Amanda Reeve: Actually spice is this incense that's being sold in smoke shops, and it has this chemical that is sprayed on it so people are smoking the incense, so there's 10 chemical compounds, there’s actually probably more than that, Matt can jump in at any time, because he knows some of this a little bit. But there's 10 chemical compounds that we're banning that can be used to be sprayed on this incense or these leaves and you can smoke it. It's marketed as incense, but it's a bad, dangerous drug.
Ted Simons: How dangerous is this drug?
Matt Heinz: In my practice at the Tucson Medical Center, I've actually admitted patients to the hospital who have ingested these toxins, these compounds, for observation. Because it's an unpredictable compound. We don't even know what's necessarily in it. And the effect can range from seizure like twitching of the extremities, to persistent nausea and vomiting, headaches, blurred vision, in one particular case the gentleman I admitted, for example, couldn't actually speak. He became aphasic as a result of ingesting this compound. Yet the three friends that he had who brought him in for emergency medical services were unaffected.
Ted Simons: Interesting. So let's get to the bill now. What does the bill do?
Amanda Reeve: The bill bans 10 chemical compounds that are known to the -- to make up the spice, and it provides our law enforcement to actually enforce being able to prosecute and enforce on these.
Ted Simons: Are these 10 chemical compounds that are used for other things though? Is there a danger that some other benefits might be lost in all this?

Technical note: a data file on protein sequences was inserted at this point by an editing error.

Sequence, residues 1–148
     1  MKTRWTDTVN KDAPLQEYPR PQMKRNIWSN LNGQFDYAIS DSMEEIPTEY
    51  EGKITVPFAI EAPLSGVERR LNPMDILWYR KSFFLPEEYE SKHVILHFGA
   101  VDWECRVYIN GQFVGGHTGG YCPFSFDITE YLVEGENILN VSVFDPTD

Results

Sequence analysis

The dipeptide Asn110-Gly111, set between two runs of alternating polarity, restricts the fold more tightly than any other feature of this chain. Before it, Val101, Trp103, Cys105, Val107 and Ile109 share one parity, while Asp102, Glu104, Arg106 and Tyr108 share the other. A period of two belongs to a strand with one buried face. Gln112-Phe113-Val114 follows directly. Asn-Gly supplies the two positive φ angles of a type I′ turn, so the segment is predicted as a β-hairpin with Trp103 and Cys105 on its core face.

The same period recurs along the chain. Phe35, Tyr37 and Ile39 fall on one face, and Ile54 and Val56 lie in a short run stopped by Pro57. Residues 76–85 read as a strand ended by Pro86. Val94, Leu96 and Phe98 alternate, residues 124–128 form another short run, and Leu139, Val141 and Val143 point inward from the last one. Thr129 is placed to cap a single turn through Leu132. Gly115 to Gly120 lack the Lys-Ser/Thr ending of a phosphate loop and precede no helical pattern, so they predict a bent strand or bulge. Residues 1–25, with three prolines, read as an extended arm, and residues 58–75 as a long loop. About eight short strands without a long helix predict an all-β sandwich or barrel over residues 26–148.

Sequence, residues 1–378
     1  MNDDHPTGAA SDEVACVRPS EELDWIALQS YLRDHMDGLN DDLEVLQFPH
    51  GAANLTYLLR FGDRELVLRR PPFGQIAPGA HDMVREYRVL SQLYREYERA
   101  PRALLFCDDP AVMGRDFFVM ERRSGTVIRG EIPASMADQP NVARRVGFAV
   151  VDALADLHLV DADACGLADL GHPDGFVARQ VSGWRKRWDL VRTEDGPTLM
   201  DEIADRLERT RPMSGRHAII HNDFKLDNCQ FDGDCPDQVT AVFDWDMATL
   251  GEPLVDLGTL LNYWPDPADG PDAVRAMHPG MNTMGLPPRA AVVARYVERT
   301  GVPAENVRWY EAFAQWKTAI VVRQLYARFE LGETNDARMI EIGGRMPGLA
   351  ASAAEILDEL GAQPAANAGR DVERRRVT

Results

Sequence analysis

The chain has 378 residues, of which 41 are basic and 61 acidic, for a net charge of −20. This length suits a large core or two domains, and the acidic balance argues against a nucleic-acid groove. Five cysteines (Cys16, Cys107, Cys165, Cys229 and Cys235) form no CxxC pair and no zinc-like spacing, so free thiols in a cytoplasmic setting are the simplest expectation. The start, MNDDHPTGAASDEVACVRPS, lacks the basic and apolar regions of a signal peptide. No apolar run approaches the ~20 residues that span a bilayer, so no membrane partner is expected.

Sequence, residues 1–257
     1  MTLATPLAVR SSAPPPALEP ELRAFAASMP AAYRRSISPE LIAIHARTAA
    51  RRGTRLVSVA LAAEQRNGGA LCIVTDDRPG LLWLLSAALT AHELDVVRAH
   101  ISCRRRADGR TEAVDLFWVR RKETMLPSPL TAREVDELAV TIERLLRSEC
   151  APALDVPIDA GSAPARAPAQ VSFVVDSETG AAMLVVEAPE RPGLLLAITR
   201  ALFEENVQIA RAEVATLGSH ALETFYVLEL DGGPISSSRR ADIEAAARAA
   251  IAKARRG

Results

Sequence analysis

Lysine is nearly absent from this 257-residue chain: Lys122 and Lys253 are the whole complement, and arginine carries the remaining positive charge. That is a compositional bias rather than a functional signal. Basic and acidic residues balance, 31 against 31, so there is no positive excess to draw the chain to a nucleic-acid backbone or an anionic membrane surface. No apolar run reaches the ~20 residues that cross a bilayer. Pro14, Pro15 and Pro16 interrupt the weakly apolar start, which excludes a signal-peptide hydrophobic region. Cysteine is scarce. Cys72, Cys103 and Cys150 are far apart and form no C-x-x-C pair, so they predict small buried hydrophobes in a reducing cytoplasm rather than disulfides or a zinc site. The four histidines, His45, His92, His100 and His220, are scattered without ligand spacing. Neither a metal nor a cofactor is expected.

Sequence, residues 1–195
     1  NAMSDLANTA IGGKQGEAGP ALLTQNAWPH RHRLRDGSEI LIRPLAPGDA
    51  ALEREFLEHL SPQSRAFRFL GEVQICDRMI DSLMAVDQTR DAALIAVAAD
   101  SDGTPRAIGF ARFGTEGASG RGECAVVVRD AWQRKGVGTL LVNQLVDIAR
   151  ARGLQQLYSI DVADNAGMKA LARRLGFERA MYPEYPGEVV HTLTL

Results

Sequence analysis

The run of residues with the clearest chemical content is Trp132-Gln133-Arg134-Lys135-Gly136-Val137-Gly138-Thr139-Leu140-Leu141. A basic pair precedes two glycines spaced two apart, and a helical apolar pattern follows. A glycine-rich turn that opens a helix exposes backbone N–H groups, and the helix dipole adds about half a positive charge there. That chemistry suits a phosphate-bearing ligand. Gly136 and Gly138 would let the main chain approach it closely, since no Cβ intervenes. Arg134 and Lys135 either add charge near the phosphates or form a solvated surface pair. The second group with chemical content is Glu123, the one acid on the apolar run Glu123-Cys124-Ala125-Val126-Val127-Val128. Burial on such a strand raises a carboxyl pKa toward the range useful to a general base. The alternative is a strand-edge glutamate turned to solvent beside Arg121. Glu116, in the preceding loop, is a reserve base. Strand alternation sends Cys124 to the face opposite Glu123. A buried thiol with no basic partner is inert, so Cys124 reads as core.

Amanda Reeve: No. Actually, as a matter of fact, we -- bill Montgomery, his office and the -- the Arizona department of public safety's crime lab personnel work order drafting the language for this bill, and they left out one compound, we were going to put down 11 originally, they ended up leaving one out because there has been proven that this one compound has been used in other ways beneficially. So the 10 on the list are not -- there's no use for them beneficially of any kind. So that’s why they're on the list because they're nothing but a dangerous --
Matt Heinz: I think it's important to point out these are investigational compounds that were never intended for consumption by humans or by anyone; by any creatures. So these were never intended to be smoked, and the stealth marketing business related stealth marketing is unacceptable and provides for this public safety risk.
Ted Simons: So if I own a smoke shop and I have this stuff on the shelves, and the stuff has been selling, this law says get that stuff off the shelves?
Matt Heinz: Absolutely.
Amanda Reeve: Exactly. Yes.
Ted Simons: Just like that?
Matt Heinz: Yep.
Amanda Reeve: Absolutely. As soon as the governor signs the bill, that's what will happen.
Ted Simons: Again, drug enforcement agency has already had a one-year moratorium on five of these things. You're saying now 10. Explain why this bill is necessary if the DEA is already addressing it?
Amanda Reeve: Well actually the DEA only put five, and it has not gone into effect yet. That has not happened yet. And the reason why this is important is because even though the federal government may ban something, it doesn't give the state, local authorities the ability to prosecute and enforce the laws necessary. So that's why we have to do it at the state level to make sure they have that ability.